I didn’t want to write this post. It’s not like I enjoy having people think I’m a “hater”, “stupid”, “intolerant”, “on the wrong side of history”, etc….because I disagree with the recent Supreme Court ruling on gay marriage. In fact after the decision was announced, I immediately decided to just shut up about it. It’s a touchy subject obviously, one riddled with emotional land mines I’d rather not have explode in my face because of a misunderstood comment. Hell certainly hath no fury like an angry Internet mob.
Wading through the toxic swampland of on line comment sections however has caused a change of heart. A very unfair narrative against those who have legitimate grievances with the ruling has formed that I feel is important to counter. It seems half the country believes the other half are narrow-minded bigots living in a homophobic land of denial; I’m here to tell you most of them are not. And oh, by the way, no one is against love either.
They, and I, just have strong concerns with the constitutionality behind Justice Kennedy’s majority opinion, the striking precedent it sets for judges to legislate from the bench, the possible unintended consequences of changing the way our society has always defined marriage and what this means for religious freedom in America if forced compliance becomes a reality.
Let me pause for a minute to add that I support gay marriage and voted for it when it was on the state ballot in California a few years ago. I have gay people in my life that I love dearly and don’t think their attraction to the same sex in any way shape or form takes away from who they are as individuals. I’m fine with allowing them to marry in states that permit it and rearranging laws in states that don’t to accommodate domestic and legal affairs. I just feel strongly that creating a new constitutional right to gay marriage was the absolute wrong way to go about doing this.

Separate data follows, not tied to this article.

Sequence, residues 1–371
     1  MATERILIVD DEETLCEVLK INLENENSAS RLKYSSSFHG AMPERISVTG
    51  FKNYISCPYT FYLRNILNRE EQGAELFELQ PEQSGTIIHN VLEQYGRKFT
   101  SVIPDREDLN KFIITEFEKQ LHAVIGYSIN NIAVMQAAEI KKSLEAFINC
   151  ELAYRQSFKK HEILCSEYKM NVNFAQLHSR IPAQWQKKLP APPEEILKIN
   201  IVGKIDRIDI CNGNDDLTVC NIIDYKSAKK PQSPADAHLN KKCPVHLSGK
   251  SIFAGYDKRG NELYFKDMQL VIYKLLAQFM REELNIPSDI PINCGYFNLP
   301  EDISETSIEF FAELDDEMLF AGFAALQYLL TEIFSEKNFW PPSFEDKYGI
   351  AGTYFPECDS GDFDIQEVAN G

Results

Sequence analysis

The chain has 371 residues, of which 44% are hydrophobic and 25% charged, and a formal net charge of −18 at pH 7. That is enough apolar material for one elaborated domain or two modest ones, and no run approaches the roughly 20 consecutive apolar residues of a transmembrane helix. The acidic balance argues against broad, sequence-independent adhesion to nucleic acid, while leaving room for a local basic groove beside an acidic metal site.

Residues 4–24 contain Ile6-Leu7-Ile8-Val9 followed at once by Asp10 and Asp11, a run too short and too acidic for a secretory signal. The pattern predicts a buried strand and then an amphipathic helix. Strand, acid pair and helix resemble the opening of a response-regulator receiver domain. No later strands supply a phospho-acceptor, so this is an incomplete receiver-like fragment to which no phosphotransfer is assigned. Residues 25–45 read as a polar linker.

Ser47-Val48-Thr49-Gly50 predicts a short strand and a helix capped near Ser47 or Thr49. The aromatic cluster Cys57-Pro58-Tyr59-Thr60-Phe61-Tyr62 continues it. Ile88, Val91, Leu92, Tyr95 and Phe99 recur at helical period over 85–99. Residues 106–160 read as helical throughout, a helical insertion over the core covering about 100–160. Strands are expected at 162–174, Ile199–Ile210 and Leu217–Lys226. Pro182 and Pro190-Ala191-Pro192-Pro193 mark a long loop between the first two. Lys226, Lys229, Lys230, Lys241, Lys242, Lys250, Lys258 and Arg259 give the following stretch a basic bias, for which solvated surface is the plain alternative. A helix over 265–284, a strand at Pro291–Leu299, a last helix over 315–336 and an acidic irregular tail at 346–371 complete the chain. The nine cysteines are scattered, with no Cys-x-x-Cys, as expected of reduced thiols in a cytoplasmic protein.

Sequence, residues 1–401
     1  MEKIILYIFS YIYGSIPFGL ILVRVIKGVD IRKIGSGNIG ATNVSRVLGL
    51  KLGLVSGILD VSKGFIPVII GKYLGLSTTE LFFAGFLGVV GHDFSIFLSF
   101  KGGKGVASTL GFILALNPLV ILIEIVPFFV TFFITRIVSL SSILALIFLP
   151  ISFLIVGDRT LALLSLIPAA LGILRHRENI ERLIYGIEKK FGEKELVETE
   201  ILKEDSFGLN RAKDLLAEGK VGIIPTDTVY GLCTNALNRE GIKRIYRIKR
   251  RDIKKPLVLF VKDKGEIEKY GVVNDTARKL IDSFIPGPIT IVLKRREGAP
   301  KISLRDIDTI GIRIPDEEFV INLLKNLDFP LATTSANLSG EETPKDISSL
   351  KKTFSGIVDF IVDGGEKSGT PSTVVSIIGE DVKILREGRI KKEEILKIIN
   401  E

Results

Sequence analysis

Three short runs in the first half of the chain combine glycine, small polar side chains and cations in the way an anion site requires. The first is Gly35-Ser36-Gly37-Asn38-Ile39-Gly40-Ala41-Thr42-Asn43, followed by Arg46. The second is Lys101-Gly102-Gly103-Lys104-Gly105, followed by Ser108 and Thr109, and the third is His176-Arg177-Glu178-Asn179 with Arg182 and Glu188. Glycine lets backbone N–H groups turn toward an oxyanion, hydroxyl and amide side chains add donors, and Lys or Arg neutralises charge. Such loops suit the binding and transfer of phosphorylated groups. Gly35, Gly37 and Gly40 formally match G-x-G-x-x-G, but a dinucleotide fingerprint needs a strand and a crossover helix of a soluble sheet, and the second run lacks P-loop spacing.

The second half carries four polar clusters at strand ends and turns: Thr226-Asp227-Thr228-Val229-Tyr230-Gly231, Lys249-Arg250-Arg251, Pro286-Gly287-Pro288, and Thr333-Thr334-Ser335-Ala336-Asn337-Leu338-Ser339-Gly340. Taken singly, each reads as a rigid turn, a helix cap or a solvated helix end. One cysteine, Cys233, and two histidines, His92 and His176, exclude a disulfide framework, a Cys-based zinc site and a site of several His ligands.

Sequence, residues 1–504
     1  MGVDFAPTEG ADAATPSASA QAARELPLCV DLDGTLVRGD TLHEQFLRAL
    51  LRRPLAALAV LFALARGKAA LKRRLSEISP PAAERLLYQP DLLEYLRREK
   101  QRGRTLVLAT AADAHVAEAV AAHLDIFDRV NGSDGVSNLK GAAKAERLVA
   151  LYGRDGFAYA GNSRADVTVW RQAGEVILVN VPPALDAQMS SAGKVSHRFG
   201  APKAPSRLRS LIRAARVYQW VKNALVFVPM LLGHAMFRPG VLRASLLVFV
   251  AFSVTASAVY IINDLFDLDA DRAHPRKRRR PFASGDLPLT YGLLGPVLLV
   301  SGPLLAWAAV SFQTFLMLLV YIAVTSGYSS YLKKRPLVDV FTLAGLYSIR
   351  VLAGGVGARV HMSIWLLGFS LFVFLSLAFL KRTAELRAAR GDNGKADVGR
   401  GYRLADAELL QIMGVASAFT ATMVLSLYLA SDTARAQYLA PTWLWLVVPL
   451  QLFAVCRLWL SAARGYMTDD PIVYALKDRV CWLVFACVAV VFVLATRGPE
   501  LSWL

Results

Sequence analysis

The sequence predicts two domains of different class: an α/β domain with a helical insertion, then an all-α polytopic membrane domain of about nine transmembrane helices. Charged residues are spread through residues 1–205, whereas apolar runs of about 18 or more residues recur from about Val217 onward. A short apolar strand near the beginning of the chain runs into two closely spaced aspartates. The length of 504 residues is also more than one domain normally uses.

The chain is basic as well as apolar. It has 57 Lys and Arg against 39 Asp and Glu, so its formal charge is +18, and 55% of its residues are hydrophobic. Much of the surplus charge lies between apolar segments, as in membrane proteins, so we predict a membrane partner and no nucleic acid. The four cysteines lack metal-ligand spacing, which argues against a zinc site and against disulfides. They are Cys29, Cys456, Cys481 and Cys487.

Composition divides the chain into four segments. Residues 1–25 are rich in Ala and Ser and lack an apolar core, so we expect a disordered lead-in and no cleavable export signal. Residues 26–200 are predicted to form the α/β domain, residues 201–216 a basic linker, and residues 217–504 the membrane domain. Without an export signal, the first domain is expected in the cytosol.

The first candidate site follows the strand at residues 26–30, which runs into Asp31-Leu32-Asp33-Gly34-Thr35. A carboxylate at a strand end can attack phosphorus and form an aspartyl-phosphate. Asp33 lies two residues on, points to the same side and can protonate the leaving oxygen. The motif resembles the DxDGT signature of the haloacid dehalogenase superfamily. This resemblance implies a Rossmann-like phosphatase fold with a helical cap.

Views on gay marriage have shifted dramatically over the last decade, with 37 states having legalized it already. I believe most of the remaining 13 would have done so too through a natural democratic process that would have been much more peaceful and consensus driven. Instead, we get same sex marriage mandated by judicial fiat, which all but guarantees heated political and legal battles ahead and much more divisiveness. A giant and unnecessary rip through our already fragile societal fabric. Hooray for us.
Leaving decisions like this is to the states is called Federalism which is not just fundamental to our American way of government, it’s what the entire system is based on. Acting as both a way to check and contain the power of an ever-growing federal government, federalism is also the best way for states to respond directly to the interests of their local populations.
Yes federal law trumps state, but the twisted logic the majority Justices used to slap a constitutional stamp of approval on this ruling make me fear we will pay for this dearly down the road. Coming on the heals of the awful Obamacare subsidy ruling in King v Burwell, it’s now painfully clear our Supreme Court has ceded it’s judicial responsibilities to become just another political arm of the Executive branch.
Where we go from here is unknown but the precedents set are not. Rulings many are celebrating today also open the door for future ones where an entirely different set of characters with new and enormous power will be at the helm. This does not leave me optimistic for a peaceful future.
As far as Biblical views limiting marriage to being just between a man and a woman, there is valid theological reasoning behind this involving the parallel of husband and wife with Christ and the Church, and “two becoming one flesh”. I am absolutely horrible at explaining the nuances behind this, but insanitybytes22 does an excellent job here.
My thoughts are that if you don’t follow a religion that prohibits a gay lifestyle, than you shouldn’t be expected to live by those rules. Those that do though have valid and important reasons for being against it having nothing to do with hate. Some of the most loving and caring people I know are Christians and I’ve seen first hand how they extend this love towards gay people, even though they don’t agree with their lifestyle.
This piece was not written to change anyone’s mind on the court decision. Its only purpose was to highlight some of the many legitimate concerns against it. Just something to keep in mind as discussions on this continue, as you probably know a lot of people who share these concerns yet are not speaking out in order to keep the peace.
We are a large society with wide and varied opinions; we all need the space to have those opinions without others thinking the worst of them. That’s the American way. At least it used to be.